Do you receive interest, dividends, self-employment income, capital gains, passthrough, or other non-payroll income? If so, you may be a good candidate that should consider paying quarterly estimated tax payments. If you don’t have enough federal tax withheld from your paychecks and other revenue sources, you may be required to make quarterly estimated tax payments; if you don’t, the IRS will assess underpayment penalties.
Below are the applicable rules for paying estimated taxes and avoiding underpayment penalties.
When are the estimated tax payments due?
To avoid underpayment penalties, individuals must pay in at least 25% of a “required annual payment” by April 15, June 15, September 15, and January 15 of the following year. If one of these dates falls on a weekend or holiday, the payment is due the next business day.
The fourth installment for 2022 is due on Monday, January 16th, 2023. Estimated tax payments are made using Form 1040-ES.
How much should you pay for each installment?
The required annual payment that individuals must pay to the IRS is lower of 90% of the tax shown on the current year’s tax return or 100% of the tax shown on the previous year’s tax return. The latter is increased to 110% of the tax shown on the return for the previous year if your adjusted gross income (AGI) on your previous year’s return exceeds $75,000 ($150,000 if you are married filing jointly).
Individuals who receive most of their income in the form of wages satisfy these payment requirements through the tax withheld by their employers from their paychecks. Those who make estimated tax payments generally do so in four installments. After determining the required annual payment (after subtracting out taxes withheld for the year), divide that number by four and make four equal payments by the due dates. An overpayment of taxes on your previous year’s tax return can be used towards your earliest installment payments.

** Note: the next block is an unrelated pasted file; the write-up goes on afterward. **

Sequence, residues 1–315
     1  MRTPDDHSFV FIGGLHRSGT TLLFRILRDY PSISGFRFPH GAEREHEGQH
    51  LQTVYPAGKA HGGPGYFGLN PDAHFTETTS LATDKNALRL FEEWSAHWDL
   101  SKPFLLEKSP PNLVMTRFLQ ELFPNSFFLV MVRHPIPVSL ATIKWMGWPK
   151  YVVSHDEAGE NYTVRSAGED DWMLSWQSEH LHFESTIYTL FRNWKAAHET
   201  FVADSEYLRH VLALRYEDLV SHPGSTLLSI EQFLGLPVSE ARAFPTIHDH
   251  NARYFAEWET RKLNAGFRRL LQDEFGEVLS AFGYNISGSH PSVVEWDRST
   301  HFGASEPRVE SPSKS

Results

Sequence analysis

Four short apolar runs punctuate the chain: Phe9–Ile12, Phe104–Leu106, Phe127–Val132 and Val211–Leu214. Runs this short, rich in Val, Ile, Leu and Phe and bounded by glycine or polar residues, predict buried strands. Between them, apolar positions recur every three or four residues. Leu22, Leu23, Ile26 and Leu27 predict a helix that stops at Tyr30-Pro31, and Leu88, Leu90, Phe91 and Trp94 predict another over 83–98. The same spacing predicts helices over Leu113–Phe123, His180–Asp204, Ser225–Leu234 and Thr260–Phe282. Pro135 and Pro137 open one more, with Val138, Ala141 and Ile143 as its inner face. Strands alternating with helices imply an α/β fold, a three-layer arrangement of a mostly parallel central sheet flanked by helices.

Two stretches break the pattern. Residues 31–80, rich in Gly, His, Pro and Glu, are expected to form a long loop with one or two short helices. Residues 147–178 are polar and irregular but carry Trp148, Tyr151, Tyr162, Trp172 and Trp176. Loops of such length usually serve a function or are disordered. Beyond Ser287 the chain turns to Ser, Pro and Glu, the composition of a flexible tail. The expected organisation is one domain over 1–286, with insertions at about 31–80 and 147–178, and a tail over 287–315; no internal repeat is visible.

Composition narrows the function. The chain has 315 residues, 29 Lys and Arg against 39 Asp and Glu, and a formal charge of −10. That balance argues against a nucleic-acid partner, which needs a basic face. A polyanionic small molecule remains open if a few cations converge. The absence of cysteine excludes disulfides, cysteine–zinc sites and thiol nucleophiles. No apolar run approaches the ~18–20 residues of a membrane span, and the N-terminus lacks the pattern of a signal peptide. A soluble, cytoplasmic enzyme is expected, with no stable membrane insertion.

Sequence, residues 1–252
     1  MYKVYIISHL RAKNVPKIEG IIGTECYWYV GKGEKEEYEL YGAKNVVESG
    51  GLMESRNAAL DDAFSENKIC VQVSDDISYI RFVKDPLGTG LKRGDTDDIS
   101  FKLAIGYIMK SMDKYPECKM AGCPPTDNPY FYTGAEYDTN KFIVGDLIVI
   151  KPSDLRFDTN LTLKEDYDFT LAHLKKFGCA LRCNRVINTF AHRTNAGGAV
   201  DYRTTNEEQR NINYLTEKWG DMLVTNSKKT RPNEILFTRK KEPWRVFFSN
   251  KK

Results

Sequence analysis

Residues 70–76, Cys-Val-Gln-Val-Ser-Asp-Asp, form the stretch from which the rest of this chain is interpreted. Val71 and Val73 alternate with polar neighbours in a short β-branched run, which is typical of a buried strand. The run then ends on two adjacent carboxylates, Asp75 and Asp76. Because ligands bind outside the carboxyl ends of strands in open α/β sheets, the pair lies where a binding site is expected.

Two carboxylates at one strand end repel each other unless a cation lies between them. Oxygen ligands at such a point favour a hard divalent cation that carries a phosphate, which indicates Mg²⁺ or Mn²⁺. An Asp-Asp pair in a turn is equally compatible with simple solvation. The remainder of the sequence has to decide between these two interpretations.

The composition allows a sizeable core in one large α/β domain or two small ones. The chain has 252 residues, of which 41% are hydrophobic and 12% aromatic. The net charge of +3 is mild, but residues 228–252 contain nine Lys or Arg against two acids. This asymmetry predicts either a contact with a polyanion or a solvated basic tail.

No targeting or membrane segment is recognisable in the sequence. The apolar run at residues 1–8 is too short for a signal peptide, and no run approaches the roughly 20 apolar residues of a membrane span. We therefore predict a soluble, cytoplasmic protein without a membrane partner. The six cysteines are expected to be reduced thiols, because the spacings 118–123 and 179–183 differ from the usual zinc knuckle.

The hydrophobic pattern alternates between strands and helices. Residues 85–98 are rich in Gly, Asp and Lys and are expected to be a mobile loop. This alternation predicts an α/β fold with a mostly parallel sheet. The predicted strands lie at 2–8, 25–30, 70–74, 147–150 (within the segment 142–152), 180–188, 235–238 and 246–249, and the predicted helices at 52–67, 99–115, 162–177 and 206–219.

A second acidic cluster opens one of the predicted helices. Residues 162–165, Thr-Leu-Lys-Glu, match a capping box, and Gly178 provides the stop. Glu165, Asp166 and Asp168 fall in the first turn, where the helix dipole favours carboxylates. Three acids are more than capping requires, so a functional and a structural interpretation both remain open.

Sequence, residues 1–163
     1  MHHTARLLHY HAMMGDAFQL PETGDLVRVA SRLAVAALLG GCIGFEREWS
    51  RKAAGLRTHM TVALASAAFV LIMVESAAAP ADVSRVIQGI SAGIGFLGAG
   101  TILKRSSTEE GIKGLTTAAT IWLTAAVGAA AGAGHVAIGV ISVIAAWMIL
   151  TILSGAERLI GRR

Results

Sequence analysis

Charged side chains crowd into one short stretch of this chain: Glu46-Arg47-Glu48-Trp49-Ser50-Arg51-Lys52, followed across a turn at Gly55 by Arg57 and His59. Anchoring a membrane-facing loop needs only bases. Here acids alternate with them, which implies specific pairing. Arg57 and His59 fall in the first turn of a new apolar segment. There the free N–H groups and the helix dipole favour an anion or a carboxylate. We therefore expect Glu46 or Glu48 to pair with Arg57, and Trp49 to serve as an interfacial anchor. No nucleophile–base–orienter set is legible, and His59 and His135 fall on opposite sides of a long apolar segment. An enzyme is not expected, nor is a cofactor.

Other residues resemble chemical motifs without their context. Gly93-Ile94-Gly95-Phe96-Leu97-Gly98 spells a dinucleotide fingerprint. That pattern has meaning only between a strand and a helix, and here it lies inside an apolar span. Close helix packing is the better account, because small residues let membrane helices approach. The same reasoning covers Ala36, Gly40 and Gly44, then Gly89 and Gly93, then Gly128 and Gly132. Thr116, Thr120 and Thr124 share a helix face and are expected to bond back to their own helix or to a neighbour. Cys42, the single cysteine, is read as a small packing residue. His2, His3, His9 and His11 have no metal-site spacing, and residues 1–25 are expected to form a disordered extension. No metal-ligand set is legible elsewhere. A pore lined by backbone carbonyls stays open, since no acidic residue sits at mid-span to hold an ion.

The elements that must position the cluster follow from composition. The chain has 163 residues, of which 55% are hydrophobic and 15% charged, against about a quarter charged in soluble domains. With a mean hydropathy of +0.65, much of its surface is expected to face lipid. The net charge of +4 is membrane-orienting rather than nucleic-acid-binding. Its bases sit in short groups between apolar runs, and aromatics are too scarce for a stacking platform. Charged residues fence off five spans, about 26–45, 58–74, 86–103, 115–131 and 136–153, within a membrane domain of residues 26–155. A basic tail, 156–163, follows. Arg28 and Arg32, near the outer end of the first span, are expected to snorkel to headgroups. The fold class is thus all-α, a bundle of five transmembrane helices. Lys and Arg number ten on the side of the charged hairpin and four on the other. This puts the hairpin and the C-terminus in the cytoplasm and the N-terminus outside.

The annualized income method is available for some individuals to make smaller (or no) estimated tax payments for their earlier installments if their income flow isn’t uniform over the year. This is common for individuals who receive a large portion of their revenue from a seasonal business. For example, if your income comes exclusively from a business operated in a resort area during June, July, and August, no estimated payments may be required before September 15.
Who is Subject to Underpayment Penalty?
If the required installments are not timely paid, you may be subject to an underpayment penalty. The penalty equals the product of the interest rate charged by the IRS on deficiencies, times the amount of the underpayment for the period of the underpayment. Use Form 2210 to see if you owe a penalty for underpaying your estimated tax and, if you do, to figure the amount of the penalty.
The underpayment penalty doesn’t apply to certain taxpayers – below is a list of circumstances in which the penalty will not apply to you:
- The total tax shown on your return is less than $1,000 after factoring in tax withheld throughout the year.
- You had no tax liability for the preceding year, you were a U.S. citizen or resident for that entire year, and that year was a full 12 months.
- For the Q4 (January 15) installment, you file your return by that January 31 and pay your tax in full.
- You are a farmer or fisherman and pay your entire estimated tax by January 15 or pay your entire estimated tax and file your tax return by March 1.
In unusual circumstances where you cannot make a timely payment, such as a casualty or natural disaster, the IRS may waive the underpayment penalty if they determine that it is unjust to enforce it. You can also apply for a penalty to be waived for reasonable cause during the first two years after you retire (and reach age 62) or become disabled.
Please contact your Wegner CPAs tax advisor if you need help calculating any quarterly tax estimates.